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## Tutorial 1

So you see an image, you hear a sound, and you have to determine where the sound came from, with the understanding that the image location may have some bearing on where the sound came from. We have that understanding, our prior, because throughout our lives, we’ve come to expect a sound to come from the same place as an object if both just suddenly occur at the same time.

Now we can start plugging into the Bayes equation (or dare I say, equayesian; ok I’ll stop (maybe)). So *P(H)*, our prior, is our existing belief that sudden crossmodal stimulation usually comes from a common source (i.e., if we see a flash of light and hear a crash at the same time, it’s more likely that that sensory information is a product of a single event rather than two independent events). Let’s say we’re positive we saw the visual stimulus at x = 3. And let’s say in general we’re pretty sure that where there’s a visual stimulus there’s sound. In fact, let’s say we’re certain (*P(H)* = 1). Then *P(E | H)* won’t influence our selection. We already know where the image was, and we’re assuming that must be where the sound is. And so we respond by saying the sound occurred where the image did. And we keep doing this for a few trials, receiving feedback after each trial.

And then suddenly we’re told our response was incorrect.

In fact, we wind up completing 30 trials and saying the sound is exactly where the image was, and that strategy only leads us to the correct answer, say, 75% of the time. What we’re realizing is that the prior isn’t precise enough to be correct. In other words, there’s uncertainty about the sound location even though we know where the image was. So we adapt.

We start changing our strategy, updating our prior to reflect the fact that audio and visual information don’t always come from a common source (*P(H)* ~= 0.8). Let’s model this (incorporation of) uncertainty. Say the visual stimulus appears at x = -1. We’re now going to create a distribution to represent the likelihood that indeed the sound also occurred at -1. So we create a Gaussian distribution (aka a normal distribution) with the mean indeed at -1, but the standard distribution (representing our uncertainty) spread over a few x values, see below.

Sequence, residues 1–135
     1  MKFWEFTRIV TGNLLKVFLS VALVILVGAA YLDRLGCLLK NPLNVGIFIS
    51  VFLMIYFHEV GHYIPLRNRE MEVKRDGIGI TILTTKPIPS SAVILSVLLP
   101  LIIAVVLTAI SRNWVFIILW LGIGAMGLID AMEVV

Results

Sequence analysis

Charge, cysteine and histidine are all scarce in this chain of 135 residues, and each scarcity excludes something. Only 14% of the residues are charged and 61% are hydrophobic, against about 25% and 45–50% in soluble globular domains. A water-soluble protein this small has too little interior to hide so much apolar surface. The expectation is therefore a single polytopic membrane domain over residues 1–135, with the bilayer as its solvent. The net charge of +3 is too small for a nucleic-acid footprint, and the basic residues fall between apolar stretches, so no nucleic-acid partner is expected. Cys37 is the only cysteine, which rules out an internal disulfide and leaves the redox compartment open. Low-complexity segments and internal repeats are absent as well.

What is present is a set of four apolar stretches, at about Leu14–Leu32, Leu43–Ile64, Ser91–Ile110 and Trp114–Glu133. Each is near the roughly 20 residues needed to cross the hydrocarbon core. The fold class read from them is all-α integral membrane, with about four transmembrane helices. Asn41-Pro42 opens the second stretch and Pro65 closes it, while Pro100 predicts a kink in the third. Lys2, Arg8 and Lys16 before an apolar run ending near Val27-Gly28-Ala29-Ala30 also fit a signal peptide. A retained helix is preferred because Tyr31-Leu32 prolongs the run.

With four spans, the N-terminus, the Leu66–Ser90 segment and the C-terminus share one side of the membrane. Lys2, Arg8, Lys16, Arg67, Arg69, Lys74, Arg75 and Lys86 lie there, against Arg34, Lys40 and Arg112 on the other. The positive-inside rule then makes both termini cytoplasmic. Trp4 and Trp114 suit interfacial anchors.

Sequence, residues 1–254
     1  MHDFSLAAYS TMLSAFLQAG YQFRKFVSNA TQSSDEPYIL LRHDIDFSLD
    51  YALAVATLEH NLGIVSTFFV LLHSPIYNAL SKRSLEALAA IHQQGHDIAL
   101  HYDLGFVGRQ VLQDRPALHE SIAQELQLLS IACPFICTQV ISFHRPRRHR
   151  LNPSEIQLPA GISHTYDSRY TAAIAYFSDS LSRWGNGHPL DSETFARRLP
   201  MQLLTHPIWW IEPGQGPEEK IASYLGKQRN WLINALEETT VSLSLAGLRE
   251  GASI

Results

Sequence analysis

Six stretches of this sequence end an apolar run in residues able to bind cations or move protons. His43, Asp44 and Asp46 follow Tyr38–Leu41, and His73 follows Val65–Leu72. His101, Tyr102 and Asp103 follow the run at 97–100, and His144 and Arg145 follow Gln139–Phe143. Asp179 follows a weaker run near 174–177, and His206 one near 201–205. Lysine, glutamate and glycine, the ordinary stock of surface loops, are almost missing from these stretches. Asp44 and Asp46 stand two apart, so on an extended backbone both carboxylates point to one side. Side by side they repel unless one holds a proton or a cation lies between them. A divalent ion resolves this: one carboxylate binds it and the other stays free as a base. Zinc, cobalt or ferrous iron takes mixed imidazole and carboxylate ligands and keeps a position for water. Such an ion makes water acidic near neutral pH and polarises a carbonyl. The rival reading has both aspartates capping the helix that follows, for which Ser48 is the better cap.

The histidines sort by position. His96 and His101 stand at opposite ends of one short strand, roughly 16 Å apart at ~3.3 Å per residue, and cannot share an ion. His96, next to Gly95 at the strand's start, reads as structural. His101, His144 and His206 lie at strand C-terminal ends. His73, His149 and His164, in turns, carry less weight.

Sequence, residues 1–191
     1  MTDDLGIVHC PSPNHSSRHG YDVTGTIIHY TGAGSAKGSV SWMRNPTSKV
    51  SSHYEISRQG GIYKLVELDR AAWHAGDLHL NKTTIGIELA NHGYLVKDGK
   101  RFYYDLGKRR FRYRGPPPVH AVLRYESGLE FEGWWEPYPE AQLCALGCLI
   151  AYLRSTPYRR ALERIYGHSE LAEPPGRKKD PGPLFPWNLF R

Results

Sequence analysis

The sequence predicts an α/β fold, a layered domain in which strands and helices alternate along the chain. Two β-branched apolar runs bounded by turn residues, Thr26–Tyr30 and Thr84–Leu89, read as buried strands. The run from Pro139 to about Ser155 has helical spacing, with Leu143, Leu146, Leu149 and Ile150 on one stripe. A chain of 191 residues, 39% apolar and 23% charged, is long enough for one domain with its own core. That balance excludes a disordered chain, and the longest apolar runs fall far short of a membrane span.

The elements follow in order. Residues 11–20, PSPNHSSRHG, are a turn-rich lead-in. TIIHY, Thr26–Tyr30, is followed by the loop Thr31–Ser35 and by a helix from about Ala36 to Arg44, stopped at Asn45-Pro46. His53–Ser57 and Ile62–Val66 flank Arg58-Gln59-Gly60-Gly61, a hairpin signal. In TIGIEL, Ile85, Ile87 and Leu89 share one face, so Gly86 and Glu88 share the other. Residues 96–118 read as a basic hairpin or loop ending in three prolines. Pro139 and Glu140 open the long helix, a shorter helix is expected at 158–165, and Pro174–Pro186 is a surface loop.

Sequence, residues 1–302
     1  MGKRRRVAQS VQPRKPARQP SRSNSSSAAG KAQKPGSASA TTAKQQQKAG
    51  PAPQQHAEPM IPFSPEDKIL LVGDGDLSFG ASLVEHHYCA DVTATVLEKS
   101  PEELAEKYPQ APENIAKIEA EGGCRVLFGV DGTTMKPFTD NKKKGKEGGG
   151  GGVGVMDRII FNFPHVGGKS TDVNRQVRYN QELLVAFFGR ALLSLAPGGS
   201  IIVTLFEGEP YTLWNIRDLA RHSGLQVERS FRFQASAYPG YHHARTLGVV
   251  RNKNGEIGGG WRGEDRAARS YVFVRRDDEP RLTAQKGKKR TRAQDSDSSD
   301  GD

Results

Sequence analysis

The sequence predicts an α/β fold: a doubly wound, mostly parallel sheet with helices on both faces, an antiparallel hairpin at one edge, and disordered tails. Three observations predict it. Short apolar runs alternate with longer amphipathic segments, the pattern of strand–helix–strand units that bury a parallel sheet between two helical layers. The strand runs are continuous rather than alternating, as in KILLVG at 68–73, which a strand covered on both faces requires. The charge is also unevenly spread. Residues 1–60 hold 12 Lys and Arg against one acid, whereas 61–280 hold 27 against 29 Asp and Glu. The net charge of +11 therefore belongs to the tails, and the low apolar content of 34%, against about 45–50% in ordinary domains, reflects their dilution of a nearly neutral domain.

Then we also incorporate the additional piece of information, where the brain noisily encodes the sound as coming from. This piece of information also conveys uncertainty, though, since (whereas we’re assuming that if we saw a stimulus somewhere, we’re 100% certain the stimulus in fact occurred there), we’re not so great at localizing sounds (if we were great, perhaps we wouldn’t even need to rely on the prior).

So we’re going to represent our uncertainty about the sound as a Gaussian distribution, too. Say we heard the sound at x = 3, then the mean of the distribution, μ, rests at 3, and we’ll spread the standard deviation over a few values too.

Ok, so now our guess of the sound location is some happy medium between where the image occurred (because that prior is quite meaningful on its own) and how our brain encoded the position of the sound. Then, we do a bunch of trials, and we see and learn about how accurately the image and guessed sound predict the true sound’s location. If it turns out the image location hardly predicts true sound location, there will be a large variance between image location and true sound location, and we’ll choose to emphasize more reliable information, i.e. where we encoded the sound coming from. Conversely, if there’s hardly any relationship between our brain encoding of the sound and where it turns out the sound occurred (learned via trial feedback), we’ll choose to rely more on the image’s position to make our choice. And if both the image location and perceived sound location are unpredictable, well that sucks haha.